סקר
איך הלימוד שלך בעקבת הקורונה?






 

Steinsaltz

If we say it is the opinion of Rabbi Tarfon, even in a case where the individual in question came before us and identified himself, is the one who claimed to know his identity be a nazirite? Since at the time when he vowed he did not know whether the subject of their debate is so-and-so or not, does naziriteship take effect with regard to him? But isn’t it taught in a baraita (Tosefta 3:19) that Rabbi Yehuda says in the name of Rabbi Tarfon: In the case of the mishna not one of the six people is a nazirite, since naziriteship is imposed upon someone only if the vow is stated with explicitness [hafla’a] enunciated. The Torah says that a vow must be “clearly” pronounced, as the verse states: “When either man or woman shall clearly utter [yafli] a vow, the vow of a nazirite” (Numbers 6:2). This verse indicates that his vow is valid only if it is explicit.

Rather, the mishna represents the opinion of Rabbi Yehuda, as stated with regard to a heap of grain. As it is taught in a baraita (Tosefta 2:9): If someone said: I am hereby a nazirite on the condition that this heap of grain contains one hundred kor, a measurement of volume, and when he went to measure it he discovered that the heap was stolen or lost, so that the amount it held cannot be determined, Rabbi Shimon deems him prohibited in all the halakhot of naziriteship, as the heap might have contained one hundred kor. And Rabbi Yehuda deems him permitted, as he maintains that the halakha is lenient in cases of uncertain naziriteship. Rabbi Yehuda’s reasoning applies equally to the case of the mishna.

As for Rabbi Shimon, who disputes the ruling of the mishna, he holds with regard to the heap of grain: Since if the heap had not been stolen perhaps it might have contained one hundred kor and he would have been a nazirite, now too, he is a nazirite due to the uncertainty. And here too, in the case of the mishna, since if that person would have come before us and we would have known that he was so-and-so, the one who took the vow would have been a nazirite, consequently, now too, he is a nazirite as a result of the uncertainty cast by the unknown identity of the individual.

MISHNA: Someone saw a kosher animal with characteristics of both a domesticated animal and a non-domesticated animal [koy], and said: I am hereby a nazirite if this is a non-domesticated animal; and another individual said: I am hereby a nazirite if this is not a non-domesticated animal; and a third person said: I am hereby a nazirite if this is a domesticated animal; and a fourth said: I am hereby a nazirite if this not a domesticated animal.

The mishna continues: A fifth person added: I am hereby a nazirite if this is a non-domesticated animal and a domesticated animal, and a sixth person said: I am hereby a nazirite if this is neither a non-domesticated animal nor a domesticated animal. Someone who heard all the above statements said: I am hereby a nazirite if one of you is a nazirite, and another one stated: I am hereby a nazirite if not one of you is a nazirite, and a final person said: I am hereby a nazirite if all of you are nazirites. In this case, they are all nazirites.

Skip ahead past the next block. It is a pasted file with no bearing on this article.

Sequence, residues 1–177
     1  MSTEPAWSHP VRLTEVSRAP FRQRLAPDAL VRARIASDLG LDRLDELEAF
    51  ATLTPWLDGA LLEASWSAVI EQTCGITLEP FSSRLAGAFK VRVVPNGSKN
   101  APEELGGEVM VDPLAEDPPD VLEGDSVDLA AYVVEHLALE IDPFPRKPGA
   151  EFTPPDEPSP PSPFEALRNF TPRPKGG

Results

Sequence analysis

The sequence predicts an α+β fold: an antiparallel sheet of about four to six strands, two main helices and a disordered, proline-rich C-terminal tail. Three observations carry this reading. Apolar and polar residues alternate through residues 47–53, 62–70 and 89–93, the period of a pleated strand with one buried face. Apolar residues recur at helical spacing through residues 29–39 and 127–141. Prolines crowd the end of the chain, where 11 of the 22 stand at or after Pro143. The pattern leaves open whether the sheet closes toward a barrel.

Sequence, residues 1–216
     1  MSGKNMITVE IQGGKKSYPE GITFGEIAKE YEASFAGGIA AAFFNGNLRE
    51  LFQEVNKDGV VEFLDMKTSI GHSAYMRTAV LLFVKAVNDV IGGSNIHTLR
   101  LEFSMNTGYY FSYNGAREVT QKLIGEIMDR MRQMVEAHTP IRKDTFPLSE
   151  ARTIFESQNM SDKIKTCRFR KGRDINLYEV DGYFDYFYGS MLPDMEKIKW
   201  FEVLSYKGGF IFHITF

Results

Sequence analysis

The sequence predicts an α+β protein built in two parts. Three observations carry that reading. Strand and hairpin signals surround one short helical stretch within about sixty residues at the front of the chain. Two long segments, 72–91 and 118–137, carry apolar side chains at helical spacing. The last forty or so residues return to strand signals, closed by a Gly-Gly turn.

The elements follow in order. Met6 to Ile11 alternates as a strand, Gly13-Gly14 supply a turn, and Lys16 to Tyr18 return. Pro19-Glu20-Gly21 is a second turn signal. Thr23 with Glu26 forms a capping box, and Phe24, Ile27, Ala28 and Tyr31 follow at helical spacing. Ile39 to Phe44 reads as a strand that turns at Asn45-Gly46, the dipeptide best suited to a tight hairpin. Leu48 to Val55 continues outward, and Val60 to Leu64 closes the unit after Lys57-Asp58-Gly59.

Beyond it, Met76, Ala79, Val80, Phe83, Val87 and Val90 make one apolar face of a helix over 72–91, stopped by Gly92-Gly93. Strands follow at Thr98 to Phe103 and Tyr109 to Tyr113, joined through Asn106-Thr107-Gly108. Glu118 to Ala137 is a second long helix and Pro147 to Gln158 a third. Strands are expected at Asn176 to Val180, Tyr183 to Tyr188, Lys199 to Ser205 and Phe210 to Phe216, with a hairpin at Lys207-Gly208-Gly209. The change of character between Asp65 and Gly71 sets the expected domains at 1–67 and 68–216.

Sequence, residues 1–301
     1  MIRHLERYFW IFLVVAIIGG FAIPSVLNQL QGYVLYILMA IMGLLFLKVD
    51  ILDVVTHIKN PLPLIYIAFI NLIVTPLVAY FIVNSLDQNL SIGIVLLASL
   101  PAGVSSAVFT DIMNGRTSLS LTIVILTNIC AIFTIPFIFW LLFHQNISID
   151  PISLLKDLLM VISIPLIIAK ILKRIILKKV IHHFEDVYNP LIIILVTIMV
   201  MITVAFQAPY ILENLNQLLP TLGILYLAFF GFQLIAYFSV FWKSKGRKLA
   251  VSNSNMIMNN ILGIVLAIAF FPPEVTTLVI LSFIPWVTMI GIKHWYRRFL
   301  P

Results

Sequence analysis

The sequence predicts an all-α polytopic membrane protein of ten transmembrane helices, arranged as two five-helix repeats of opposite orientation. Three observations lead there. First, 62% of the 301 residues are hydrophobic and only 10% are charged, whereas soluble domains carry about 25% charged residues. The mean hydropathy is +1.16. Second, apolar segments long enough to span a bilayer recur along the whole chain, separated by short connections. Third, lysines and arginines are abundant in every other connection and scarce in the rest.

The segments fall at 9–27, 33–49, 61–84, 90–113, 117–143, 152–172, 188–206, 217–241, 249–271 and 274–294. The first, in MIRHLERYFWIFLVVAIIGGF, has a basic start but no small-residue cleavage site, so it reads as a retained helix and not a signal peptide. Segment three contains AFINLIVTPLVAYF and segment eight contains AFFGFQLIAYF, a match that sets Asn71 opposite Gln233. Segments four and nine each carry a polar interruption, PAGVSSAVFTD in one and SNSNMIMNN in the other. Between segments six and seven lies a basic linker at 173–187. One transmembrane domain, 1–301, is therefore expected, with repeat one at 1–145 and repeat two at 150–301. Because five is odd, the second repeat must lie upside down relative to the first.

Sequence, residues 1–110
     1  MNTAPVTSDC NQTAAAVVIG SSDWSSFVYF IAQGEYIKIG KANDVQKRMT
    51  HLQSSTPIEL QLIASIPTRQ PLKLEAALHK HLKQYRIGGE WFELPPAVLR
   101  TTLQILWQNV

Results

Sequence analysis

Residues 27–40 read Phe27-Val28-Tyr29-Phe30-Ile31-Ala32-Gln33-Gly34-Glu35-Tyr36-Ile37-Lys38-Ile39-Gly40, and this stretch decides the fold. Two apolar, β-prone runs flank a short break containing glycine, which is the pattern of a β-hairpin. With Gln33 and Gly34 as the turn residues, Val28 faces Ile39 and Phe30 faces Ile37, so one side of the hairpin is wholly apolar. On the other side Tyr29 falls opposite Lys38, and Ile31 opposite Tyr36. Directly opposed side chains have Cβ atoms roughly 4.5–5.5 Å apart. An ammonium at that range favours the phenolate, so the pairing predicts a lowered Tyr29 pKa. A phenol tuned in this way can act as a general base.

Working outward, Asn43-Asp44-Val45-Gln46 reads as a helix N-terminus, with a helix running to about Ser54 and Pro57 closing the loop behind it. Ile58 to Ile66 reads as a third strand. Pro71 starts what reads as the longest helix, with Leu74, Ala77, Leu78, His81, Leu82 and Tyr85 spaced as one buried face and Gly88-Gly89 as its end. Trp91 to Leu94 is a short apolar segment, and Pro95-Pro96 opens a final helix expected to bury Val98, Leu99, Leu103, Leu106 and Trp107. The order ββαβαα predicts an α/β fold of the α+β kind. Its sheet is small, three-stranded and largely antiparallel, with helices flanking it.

GEMARA: With regard to the ruling of the mishna that they are all nazirites, it is taught in one baraita that this case involves a total of nine nazirites, and it is taught in the other baraita that there are nine sets of naziriteship here. The Gemara clarifies: Granted, one can understand the baraita that says that there are nine nazirites, for example, if there were many people who associated their naziriteship with the status of this koy, each with one of the statements listed above.

However, how can you find these circumstances of nine sets of naziriteship in one person? Granted, you find six, as we learned in the mishna that there are six ways in which the nature of a koy can be expressed: It is a non-domesticated animal; it is not a non-domesticated animal; it is a domesticated animal; it is not a domesticated animal; is a non-domesticated animal and a domesticated animal; it is neither a non-domesticated animal nor a domesticated animal. One person could associate his acceptance of naziriteship with all of the above possibilities.

However, how can you find these circumstances of the other three sets of naziriteship? The statements: If one of you is a nazirite, and: If one of you is not a nazirite, are necessarily expressed by individuals who did not make the initial six statements, as these last three statements address the group of people who made the first six statements. Rav Sheshet said: It is possible in a case where nine people issued the statements mentioned in the mishna, and someone said: I am hereby a nazirite and the naziriteship of all of them are incumbent upon me. Since each of the nine people is obligated to observe a term of naziriteship, this last one is obligated to observe nine terms.

MISHNA: Three types of actions are prohibited for a nazirite: The contraction of ritual impurity from a corpse, and the shaving of one’s hair, and eating or drinking any substances that emerge from the vine. The mishna adds: And all products that emerge from the vine combine with one another to the amount that renders a nazirite liable to receive lashes. And he is liable only if he eats an olive-bulk of the grapes.

Talmud - Bavli - The William Davidson digital edition of the Koren No=C3=A9 Talmud
with commentary by Rabbi Adin Steinsaltz Even-Israel (CC-BY-NC 4.0)
אדם סלומון
© כל הזכויות שמורות לפורטל הדף היומי | אודות | צור קשר | הוספת תכנים | רשימת תפוצה | הקדשה | תרומות | תנאי שימוש באתר | מפת האתר